There is a new blu-ray edition of The Phantom of the Opera, which is nice since the bare bones DVD has subtitles but tough to see alleyways and dark fight scenes. Again, the head rolling gore is well done, but some of the violence also feels unnecessary compared to the atmospheric blue lighting, red reflections, and flaming effects. Askew angles, the tilted hat, and shadowed, one eye close ups of The Phantom also up the brooding. There is little of the actual stage spectacle here, but the Victorian interiors and layers of Old World feel intimate. As horror, this production design is more than serviceable even if it’s not all it could have been. The subdued palette, generic costumes, and low budget mistakes, however, won’t be as grandiose as some Phantom of the Opera fans may expect – Erik’s lair looks like a standard, commonplace cave set with some candles. Perhaps that’s realistic to what the underground living would be, but there isn’t enough to it for a film. Fortunately, the scoring provides the right gothic mood and melody. Sure, it’s not quite sweeping and will seem knock off inferior to the more famous Phantom musics, but it is the one part of this conflicted Phantom of the Opera that does what it is supposed to do. And oh my, shout out for the floppy discs and giant computer monitors!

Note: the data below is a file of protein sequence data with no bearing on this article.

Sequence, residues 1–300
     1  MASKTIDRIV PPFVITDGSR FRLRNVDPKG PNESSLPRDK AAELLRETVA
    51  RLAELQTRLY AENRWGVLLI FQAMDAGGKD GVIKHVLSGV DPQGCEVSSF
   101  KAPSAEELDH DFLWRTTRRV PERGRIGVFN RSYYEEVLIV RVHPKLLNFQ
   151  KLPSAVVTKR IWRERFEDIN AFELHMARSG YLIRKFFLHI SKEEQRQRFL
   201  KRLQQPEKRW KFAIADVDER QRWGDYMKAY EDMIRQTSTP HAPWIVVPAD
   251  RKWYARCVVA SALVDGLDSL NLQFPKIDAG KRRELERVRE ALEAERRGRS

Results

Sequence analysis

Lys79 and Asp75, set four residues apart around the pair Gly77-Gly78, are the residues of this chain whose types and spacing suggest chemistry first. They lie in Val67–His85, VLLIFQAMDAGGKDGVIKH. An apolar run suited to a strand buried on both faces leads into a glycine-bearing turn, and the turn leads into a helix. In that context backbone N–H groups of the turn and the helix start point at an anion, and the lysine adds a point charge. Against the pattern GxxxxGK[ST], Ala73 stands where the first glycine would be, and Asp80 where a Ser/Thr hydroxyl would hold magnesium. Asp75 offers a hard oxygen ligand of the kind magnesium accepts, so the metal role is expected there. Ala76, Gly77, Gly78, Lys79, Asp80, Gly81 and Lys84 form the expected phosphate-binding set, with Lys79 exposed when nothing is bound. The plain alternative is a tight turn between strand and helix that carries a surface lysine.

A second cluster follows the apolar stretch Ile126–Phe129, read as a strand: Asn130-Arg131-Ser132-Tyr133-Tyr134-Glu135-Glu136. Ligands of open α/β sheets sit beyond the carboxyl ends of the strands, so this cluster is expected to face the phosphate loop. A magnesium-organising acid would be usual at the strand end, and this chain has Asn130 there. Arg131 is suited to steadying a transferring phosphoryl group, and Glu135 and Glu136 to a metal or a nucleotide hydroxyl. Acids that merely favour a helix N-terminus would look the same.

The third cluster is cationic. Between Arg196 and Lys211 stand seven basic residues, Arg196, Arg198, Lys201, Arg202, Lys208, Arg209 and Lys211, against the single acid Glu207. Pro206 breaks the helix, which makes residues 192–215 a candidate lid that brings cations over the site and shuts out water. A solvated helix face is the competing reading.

The Phantom of the Opera suffers from its identity crisis as a horror film and a book adaptation just as it much as it proves a scary update of Leroux is possible. Had it abandoned the contemporary twists and devilish ties and simply played it straight while upping the sinister and gore, The Phantom of the Opera might have stood out from the crowd as more than a cliché Freddy or Webber cash in like those try hard, faux rip offs we get today. At times, this rendition feels like a bad edit, the audience test viewing that’s missing all its final bells and whistles. Are we still awaiting the real director’s cut with all the polish, clarification, and panache? The Phantom of the Opera is not the definitive adaptation of the novel, and ultimately, nor is it the best macabre rendition – I’m not sure anyone will ever surpass the Silent version in that regard. Mixed bag though it is, if spooky audiences, Phantom students, and Englund fans accept this late night tale for what it is, The Phantom of the Opera can be a fun, serviceable, gruesome good time – complete with the heads of divas in the punch bowl.

11 January 2015


Maleficent Flawed but Still Entertaining.
By Kristin Battestella

Wonder gal Angelina Jolie returned to cinema screens for the 2014 Disney hit Maleficent. Though marred in its mix of youth marketing and bleak fantasy, the tale here remains a charming good time.